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Racism is a House …or Something

When discussions of racism come up, folks are quick to remind me that race is not a real thing – it’s just a social construct. I agree. Race isn’t “real” in the sense that it’s not based in biology and it sure isn’t based on geographic difference. I mean, just check out Asia. What do Japan and Iran have in common other than some idea about the “Orient” invented by Europeans, right?

But this idea of race as a social construct is pretty academic. And folks often preface “social construct” with the word “just,” as if the fact that race isn’t natural (as in, from nature) means we can simply educate it away.

So let’s try that idea another way. Yes, race is a made up idea. But, based on that idea, we’ve built real structures, a whole society in fact, and the inequity created by those structures won’t go away just because we change our minds about race.

In this way, the idea of race is like one’s dream of a house. The dream is just an idea, but if you move from dream to blueprint and then from blueprint to construction, you end up with a real structure – a house, made of bricks and mortar (or wood and nails if you like). And, just like you can change your idea about your dream house but still be stuck in the one you built with your old blueprint, certain attitudinal norms about race can change without changing the structure of white supremacy.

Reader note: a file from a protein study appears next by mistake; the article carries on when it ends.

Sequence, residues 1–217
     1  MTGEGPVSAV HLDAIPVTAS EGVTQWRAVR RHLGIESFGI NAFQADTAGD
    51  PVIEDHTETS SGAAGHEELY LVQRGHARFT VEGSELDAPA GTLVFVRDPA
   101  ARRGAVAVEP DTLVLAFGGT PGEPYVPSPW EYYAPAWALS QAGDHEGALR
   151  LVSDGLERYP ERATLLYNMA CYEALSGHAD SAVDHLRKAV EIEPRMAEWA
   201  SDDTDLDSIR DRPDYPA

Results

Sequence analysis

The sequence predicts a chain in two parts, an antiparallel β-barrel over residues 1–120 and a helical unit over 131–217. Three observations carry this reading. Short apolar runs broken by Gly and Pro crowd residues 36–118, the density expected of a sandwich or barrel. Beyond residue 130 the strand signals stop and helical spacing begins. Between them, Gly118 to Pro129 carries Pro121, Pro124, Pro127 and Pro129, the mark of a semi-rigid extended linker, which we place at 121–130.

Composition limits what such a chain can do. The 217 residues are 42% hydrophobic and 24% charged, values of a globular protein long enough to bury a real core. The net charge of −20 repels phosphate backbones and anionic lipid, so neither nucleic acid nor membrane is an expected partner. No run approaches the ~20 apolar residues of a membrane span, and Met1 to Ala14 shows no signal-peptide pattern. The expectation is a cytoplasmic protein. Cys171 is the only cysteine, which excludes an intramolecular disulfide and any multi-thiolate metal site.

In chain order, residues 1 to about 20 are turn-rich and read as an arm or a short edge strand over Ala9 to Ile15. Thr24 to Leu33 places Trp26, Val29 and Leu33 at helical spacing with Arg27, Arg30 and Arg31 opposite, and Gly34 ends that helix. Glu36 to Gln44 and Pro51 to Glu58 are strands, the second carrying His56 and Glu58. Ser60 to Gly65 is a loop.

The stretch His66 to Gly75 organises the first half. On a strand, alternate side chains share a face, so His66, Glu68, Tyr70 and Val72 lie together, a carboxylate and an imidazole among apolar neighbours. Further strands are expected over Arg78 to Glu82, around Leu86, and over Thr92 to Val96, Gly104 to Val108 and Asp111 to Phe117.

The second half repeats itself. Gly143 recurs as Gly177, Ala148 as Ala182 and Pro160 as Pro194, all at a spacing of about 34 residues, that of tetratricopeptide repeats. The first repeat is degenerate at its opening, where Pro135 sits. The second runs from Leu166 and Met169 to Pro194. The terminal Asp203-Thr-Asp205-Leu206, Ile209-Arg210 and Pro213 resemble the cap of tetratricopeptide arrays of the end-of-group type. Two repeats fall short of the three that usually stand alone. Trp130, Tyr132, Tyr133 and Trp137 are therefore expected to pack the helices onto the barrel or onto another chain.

In order for your old house to match your new ideas, you have to remodel or rebuild. In terms of race, what we have on our hands in the 21st century is less a remodel than a renovation. Surfaces have changed, but the structures are, for the most part, the same.

Based on the idea of race, we have, for generations, created blueprints in the form of our Constitution, public policy, and social codes, often enforced with violence. Based on those blueprints, we’ve built real structures like suburbs, ghettos, corporations, whole industries.

The legacy of this history lives on in our politics and our economy. Practices such as convict leasing of Black prisoners and the wide array of racist codes and practices in the South and the North – codes like exclusionary covenants, Jim Crow laws, red lining, immigration quotas and exclusion, etc., – have accumulated through history to create a wealth gap between whites and people of color that persists to this day and cannot be resolved unless we revisit this history and address its legacy. Until that happens, the wealth gap will continue to be an indicator of structural inequities as solid and consequential as that wall you wish you could get rid of between the kitchen and the dining room in your house.

I’m not trying to minimize the importance of voting rights protection and changing social mores. These things make a difference. But, structural inequality still exists because the changes we’ve won renovate, even improve, an existing structure that has built in inequities. And these improvements convince the folks that are the least affected by the structural problems that it’s fine in here, making those of us who continue to complain of real injustice look like a bunch of whiners.